Strong economy, strong market; that seems to be the rational that can explain the market surge as of late. The S & P actually hit an all-time record high on August 24, 2018. The Nasdaq Composite followed suit. The market’s gains were broad-based.

Running for the past nine and a half years, the Standard and Poor’s 500 Index has risen 325 percent. In that time, the Dow Jones Industrial Average is up 294 percent and the Nasdaq Composite is up 526 percent.

This year, the Dow had been in correction territory for around six months and emerged from it on August 27. This was the longest stretch of days at these levels since 1961. The market had entered correction territory on February 8. On August 27, the Dow hit 26,049.

There are some analysts on Wall Street who argue that the bull market of the 1990s remains the longest bull market. Some others argue the exact date when the current bull market began. But, most agree that on August 24, the market hit a record.

Part of the success of this long market can be attributed to good monetary policy in past years and great fiscal policy currently.

This Year’s Market

When even the Federal Reserve says that the economy looks “strong,” then Wall Street feels compelled to push the market higher. And, that is what has happened. The Fed also stuck to their guns and kept to a modest rate increase projection for the balance of 2018. The fact that the fed chair did not take a more hawkish position told Wall Street that inflation remains largely under control.

Good corporate earnings, a pro-business environment and a strong economy have all worked well to continue the rally in equities that has been going on for nearly a decade.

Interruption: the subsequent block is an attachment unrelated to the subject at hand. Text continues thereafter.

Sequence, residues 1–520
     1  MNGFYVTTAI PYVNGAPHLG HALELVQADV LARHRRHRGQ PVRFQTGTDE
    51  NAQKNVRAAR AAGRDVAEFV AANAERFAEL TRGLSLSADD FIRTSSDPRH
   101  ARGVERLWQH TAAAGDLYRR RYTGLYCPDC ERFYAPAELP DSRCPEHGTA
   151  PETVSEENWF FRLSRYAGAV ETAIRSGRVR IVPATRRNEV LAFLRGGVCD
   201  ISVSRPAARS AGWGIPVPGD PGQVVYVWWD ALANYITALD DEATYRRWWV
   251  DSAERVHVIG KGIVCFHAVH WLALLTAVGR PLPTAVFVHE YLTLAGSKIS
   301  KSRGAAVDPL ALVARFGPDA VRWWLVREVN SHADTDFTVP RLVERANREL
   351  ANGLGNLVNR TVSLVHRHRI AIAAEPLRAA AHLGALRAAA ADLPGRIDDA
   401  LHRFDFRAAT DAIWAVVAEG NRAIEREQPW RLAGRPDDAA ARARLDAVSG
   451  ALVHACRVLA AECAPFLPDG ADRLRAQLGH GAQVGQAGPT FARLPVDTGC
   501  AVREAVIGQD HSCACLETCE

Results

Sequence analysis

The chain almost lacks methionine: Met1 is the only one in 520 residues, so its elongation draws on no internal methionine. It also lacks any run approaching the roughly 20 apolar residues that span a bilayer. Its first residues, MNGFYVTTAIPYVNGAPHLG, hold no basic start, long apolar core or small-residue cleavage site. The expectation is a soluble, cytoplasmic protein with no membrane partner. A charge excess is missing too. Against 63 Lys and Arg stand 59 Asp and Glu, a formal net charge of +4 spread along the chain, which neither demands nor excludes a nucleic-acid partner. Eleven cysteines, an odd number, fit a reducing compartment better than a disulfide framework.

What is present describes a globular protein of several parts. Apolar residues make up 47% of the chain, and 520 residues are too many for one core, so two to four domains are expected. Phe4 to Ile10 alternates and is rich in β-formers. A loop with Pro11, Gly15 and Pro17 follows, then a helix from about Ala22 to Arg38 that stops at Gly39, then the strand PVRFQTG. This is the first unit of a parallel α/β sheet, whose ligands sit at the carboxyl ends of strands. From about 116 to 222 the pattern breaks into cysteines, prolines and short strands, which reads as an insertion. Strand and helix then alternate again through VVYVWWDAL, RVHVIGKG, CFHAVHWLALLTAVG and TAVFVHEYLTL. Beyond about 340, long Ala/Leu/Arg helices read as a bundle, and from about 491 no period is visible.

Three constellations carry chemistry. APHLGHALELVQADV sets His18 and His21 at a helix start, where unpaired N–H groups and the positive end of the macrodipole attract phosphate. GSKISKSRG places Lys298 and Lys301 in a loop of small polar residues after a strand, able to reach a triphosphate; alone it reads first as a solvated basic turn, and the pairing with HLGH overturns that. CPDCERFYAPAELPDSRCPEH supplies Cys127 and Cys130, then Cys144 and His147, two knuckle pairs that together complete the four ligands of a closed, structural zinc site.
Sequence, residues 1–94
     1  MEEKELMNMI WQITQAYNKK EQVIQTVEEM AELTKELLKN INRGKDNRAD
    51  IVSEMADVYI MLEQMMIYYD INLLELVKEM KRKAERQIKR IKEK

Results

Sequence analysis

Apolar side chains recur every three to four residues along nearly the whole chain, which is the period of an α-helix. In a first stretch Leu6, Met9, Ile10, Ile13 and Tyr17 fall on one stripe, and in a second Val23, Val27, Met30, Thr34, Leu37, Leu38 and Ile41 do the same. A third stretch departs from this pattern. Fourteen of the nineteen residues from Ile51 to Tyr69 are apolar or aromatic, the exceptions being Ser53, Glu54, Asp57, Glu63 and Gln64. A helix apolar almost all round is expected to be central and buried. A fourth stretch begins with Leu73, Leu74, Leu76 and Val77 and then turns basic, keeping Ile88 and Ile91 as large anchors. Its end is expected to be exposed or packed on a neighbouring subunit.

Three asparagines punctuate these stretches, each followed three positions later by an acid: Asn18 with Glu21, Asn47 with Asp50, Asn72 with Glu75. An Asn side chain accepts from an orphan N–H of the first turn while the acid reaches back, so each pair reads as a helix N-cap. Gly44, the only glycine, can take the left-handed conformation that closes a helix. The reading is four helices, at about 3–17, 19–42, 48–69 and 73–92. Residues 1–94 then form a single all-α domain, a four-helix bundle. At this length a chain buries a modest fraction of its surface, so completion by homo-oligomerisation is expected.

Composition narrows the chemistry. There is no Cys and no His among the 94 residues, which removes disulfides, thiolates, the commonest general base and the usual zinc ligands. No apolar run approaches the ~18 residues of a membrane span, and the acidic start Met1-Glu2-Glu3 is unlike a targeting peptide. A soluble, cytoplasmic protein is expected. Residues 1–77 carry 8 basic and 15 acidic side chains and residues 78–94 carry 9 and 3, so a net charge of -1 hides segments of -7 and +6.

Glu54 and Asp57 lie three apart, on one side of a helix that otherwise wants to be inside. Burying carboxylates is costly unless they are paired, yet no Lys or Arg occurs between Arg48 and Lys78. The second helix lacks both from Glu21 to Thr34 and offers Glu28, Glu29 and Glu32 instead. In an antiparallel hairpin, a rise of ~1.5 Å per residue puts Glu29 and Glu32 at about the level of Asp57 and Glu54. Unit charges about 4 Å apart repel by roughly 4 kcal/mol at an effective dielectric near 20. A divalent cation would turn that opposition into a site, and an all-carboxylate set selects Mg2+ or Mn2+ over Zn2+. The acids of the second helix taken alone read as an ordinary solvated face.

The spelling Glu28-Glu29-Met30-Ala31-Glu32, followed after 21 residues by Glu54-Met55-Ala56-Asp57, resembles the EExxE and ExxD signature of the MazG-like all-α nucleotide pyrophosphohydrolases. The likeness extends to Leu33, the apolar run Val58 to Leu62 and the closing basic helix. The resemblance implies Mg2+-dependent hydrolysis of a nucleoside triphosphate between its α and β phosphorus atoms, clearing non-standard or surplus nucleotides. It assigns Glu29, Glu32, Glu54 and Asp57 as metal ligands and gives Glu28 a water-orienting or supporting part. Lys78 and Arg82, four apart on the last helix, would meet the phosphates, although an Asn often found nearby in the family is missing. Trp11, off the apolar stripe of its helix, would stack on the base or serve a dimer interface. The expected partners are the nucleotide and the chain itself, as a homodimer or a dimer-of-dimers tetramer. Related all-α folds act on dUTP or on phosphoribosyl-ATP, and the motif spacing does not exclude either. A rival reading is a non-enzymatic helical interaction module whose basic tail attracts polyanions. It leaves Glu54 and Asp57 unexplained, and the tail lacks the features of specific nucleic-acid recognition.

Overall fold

A trade agreement, hammered out with Mexico, also excited investors, sending the Dow up another 259 points on August 27. The agreement calls for producing more automotive parts in the U.S., among other things.

Before this lengthy bull market, the next longest market ended in March of 2000. But, the market’s PE (price/earnings) ratio this time around looks much more attractive. Stocks are more fairly valued and interest rates are lower than during the last rally.

The gains more recently have been largely in domestic equities with emerging markets not as strong.

On August 24, the Dow Jones Industrial Average hit 25,790.35.
Stimulus efforts taken by the administration have had a positive impact on the supply side, and businesses have invested in technology and equipment, with better productivity growth as a possible result. This scenario was seen in the late 1990s.

Consumer spending has been strong and many retail stocks have reflected this in their earnings. These things have help bolster the rally in the market, despite some volatility along the way.

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